Eco: From eft to newt, the complex life of a CT amphibian
Amphibian populations are in decline in many places around the world, and the reasons become clear during a trip to the Connecticut woods. Amphibians have complex life cycles, during which they may metamorphose from one stage to another multiple times, and rely on a network of diverse and finicky habitats, such as our vernal pools and forests, for their survival. They don't tolerate change well, and thus are early indicators of habitat degradation and pollution.
We went with herpetologist Brian Kleinman to the Enders State Forest in Granby the other day, and discovered a good example in one amphibian's remarkable adaptations. Brian gave us a tour of amphibian habitats here, and shared his knowledge of local inhabitants, such as the Red-spotted newt, along the way.
After years spent wandering the forest floor as a juvenile, the brightly colored red eft, the terrestrial stage of the Red-spotted newt (lower left), grows into a greenish-brown adult stage (upper right), and returns to the water.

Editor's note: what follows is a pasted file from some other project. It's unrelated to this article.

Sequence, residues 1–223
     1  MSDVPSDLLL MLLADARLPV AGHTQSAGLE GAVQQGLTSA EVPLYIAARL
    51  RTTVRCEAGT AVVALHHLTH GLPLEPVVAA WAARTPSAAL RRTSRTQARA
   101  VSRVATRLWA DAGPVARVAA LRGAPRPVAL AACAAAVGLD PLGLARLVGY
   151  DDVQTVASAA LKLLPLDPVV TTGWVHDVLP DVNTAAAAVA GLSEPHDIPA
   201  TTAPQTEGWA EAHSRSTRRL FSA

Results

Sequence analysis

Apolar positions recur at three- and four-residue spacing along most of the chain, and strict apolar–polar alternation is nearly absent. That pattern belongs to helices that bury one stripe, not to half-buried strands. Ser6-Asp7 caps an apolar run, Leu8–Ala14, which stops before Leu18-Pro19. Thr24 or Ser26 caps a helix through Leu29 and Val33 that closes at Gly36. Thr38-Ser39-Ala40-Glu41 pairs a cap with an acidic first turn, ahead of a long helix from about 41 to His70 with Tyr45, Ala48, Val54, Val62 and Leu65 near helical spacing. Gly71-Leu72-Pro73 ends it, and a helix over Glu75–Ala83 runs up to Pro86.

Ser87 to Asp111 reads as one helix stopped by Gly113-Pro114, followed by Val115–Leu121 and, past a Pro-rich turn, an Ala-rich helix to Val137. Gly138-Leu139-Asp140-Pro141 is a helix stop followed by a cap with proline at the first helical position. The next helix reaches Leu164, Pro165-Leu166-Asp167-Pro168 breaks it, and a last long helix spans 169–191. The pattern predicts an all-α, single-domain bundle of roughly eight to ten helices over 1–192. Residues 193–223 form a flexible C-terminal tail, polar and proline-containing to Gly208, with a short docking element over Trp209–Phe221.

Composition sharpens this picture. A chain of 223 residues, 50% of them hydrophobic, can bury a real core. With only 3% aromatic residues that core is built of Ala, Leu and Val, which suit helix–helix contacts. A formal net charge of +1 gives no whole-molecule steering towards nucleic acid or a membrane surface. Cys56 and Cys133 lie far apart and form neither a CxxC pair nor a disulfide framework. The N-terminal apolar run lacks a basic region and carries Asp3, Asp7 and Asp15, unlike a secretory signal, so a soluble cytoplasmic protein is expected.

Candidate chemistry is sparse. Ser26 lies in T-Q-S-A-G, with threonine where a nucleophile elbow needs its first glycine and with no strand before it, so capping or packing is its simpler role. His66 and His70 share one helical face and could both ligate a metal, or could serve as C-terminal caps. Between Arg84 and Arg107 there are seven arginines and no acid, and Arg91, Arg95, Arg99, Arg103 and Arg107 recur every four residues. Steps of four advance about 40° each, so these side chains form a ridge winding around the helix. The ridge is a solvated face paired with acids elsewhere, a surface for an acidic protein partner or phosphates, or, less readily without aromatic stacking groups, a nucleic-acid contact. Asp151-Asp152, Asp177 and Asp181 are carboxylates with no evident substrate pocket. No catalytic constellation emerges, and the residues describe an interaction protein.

Each stage of life is perilous for the Red-spotted newt, and it takes years for them to reach adulthood. They start life as eggs laid in weed choked aquatic habitats in late spring. Weeks later, gilled larvae hatch and feed on insect larvae and small aquatic animals. By mid-summer, many have grown into the red eft stage, and emerge from wetland pools to wander forest floors and colonize new habitats. They remain as efts for 2-7 years until they turn olive green, their tails begin to flatten to aid in swimming, and they return to the water as adult newts. Under some conditions, newts may even skip a life stage.
As we walked the trail at Enders, red efts of varying sizes were abundant in the leaf litter, and seemingly everywhere. Their bright orange color serves as a warning to would-be predators foolish enough to consider biting them. Far from appetizing, Red-spotted newts secrete foul tasting toxins through their skin that can cause severe reactions in amphibians and reptile predators.
Of course, this defense is of little use against human impacts such as habitat loss or water pollution. More and more Connecticut communities are taking declining numbers of native amphibians as dire warnings. Towns have begun to work with conservation groups such as Metropolitan Conseration Alliance and Conservation Districts of Connecticut to implement development plans and wildlife managment strategies that are effective at preserving amphibian habitats.
Frogs such as the Spring peeper (left) and Wood Frog (right) are among several other native amphibians commonly found in the Enders State Forest in Granby. Photos by Brian Kleinman. © Perry Heights Press, 2005.